No longer a sidekick
The stereotypical band breakup has transformed the music landscape into what it is today. Without the classic tabloid drama, there would be no room for original music. Instead, as listeners, people’s top music tracks would all have the same lyrics and manufactured sounds. To Be One With You by Pluralone is a product of this drama.
Pluralone is the stage name Josh Klinghoffer (former Red Hot Chili Pepper guitarist) has chosen to use as a moniker to launch the next chapter in his musical career. After RHCP re-recruited former bandmate John Frusciante for their new album, Klinghoffer amicably split off onto the solo path to creating an original sound of his own. When his new album released while being a Chili Pepper in late 2019, Klinghoffer’s eventual departure from the band allowed for his solo career to begin.
As a hearty mix of melodious vibrations and moods, To Be One With You is everything missing from the Chili Peppers’ oeuvre. Klinghoffer’s multi-instrumental composition provides a soft, yet magnetic sound many RHCP fans are not used to. Songs such as “Save,” with its delicate piano intro, and “Was Never There” contain a rhythmic entrancement unparalleled to Klinghoffer’s former work in the past, though “Was Never There” does include Flea and his classic slap bass tune.
But this album has a new sound, with a slight hint of his previous work. Its first track, “Barreling,” starts with a fast-alternative synth beat complimented with a hearty piano tune. The haunting echoey voice of Klinghoffer sets the mood for the album immediately. The second track, “Rat Bastards at Every Turn,” is much heartier, almost aggressive with a heavy piano and a clap beat overshadowed by high vocals. This style is much different but shows us that Klinghoffer had more to offer creatively that he wasn’t producing in his past music career. To contrast, “Shade,” the album’s main single, has more to offer creatively. With soft twangy guitar riffs, it quickly cracks into a vibrant percussion beat (thanks to early Chili Pepper Jack Irons) along with Klinghoffer’s spider-like guitar grooves. This song is both old and new, containing the entire scope of Klinghoffer as a musician.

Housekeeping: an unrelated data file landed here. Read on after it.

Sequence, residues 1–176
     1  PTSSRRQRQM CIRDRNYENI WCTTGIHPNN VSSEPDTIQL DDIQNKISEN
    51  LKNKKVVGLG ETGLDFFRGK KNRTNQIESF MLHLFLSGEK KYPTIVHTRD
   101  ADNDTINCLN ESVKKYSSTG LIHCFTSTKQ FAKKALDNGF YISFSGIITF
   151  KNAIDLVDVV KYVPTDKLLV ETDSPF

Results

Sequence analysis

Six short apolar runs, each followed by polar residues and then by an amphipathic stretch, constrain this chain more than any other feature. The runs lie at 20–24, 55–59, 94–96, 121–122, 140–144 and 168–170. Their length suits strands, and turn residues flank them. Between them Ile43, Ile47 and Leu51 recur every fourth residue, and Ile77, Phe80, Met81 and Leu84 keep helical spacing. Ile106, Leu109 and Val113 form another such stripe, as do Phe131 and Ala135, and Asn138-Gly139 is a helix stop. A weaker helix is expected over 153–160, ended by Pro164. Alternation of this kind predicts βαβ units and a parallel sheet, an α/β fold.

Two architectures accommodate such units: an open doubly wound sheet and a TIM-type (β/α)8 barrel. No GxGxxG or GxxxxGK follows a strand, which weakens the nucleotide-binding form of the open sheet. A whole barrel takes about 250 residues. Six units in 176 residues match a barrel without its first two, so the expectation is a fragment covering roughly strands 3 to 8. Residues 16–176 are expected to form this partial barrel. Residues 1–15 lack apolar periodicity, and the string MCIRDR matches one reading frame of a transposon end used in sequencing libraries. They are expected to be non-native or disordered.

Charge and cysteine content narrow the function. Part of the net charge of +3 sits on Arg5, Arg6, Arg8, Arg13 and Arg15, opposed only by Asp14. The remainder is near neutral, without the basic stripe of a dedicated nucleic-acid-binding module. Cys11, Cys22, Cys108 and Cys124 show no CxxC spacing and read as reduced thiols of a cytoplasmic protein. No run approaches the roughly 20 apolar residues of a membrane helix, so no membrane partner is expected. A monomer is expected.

With “Mourning,” tracks begin to have synthesized instruments and a more refreshed sound from previous songs. Electric drums and a soft piano accompany Klinghoffer’s hollowed voice in a song that seems to be forever escalating in volume. It flows nicely into “Crawl,” even though the song title is ironic in the name. This song has the most active melody thus far, with a heart-racing drum beat the album needed much earlier. Nevertheless, the synthesized beat is a nice addition to this song. Though the soft piano returns in the following track, “The Ride.” Klinghoffer’s breaching vocals from previous tracks make this song somehow louder, with the rhythmic consistency necessary to balance each note.
At last, the aptly named track “Segue” closes the album with an aggressive electro-beat and sophisticated synths to intrigue any listener. It’s guitar-driven sound found on many previous tracks primes the song, but needs to have been done earlier in the album. Though whatever Pluralone might be segueing towards with his crisp and air-tight final track is nothing short of fascinating.
As a debut solo album, Josh Klinghoffer’s (a.k.a. Pluralone) To Be One With You proves that he is capable of many things. Early in the album, he shows us that he is more than a former Chili Pepper, but also a multi-talented musician with more to offer than as a sidekick to many legends of modern rock. His tracks prove he is more than a mere guitarist by centering his music around a keyboard, but this tends to overcompensate his music in later songs. The electricity of “Crawl” and “Shade” is needed much sooner and in greater volume. Though despite these inconsistencies, Klinghoffer proves to be worthy as a soloist, and one can only wish him well on the solo-musician path as Pluralone.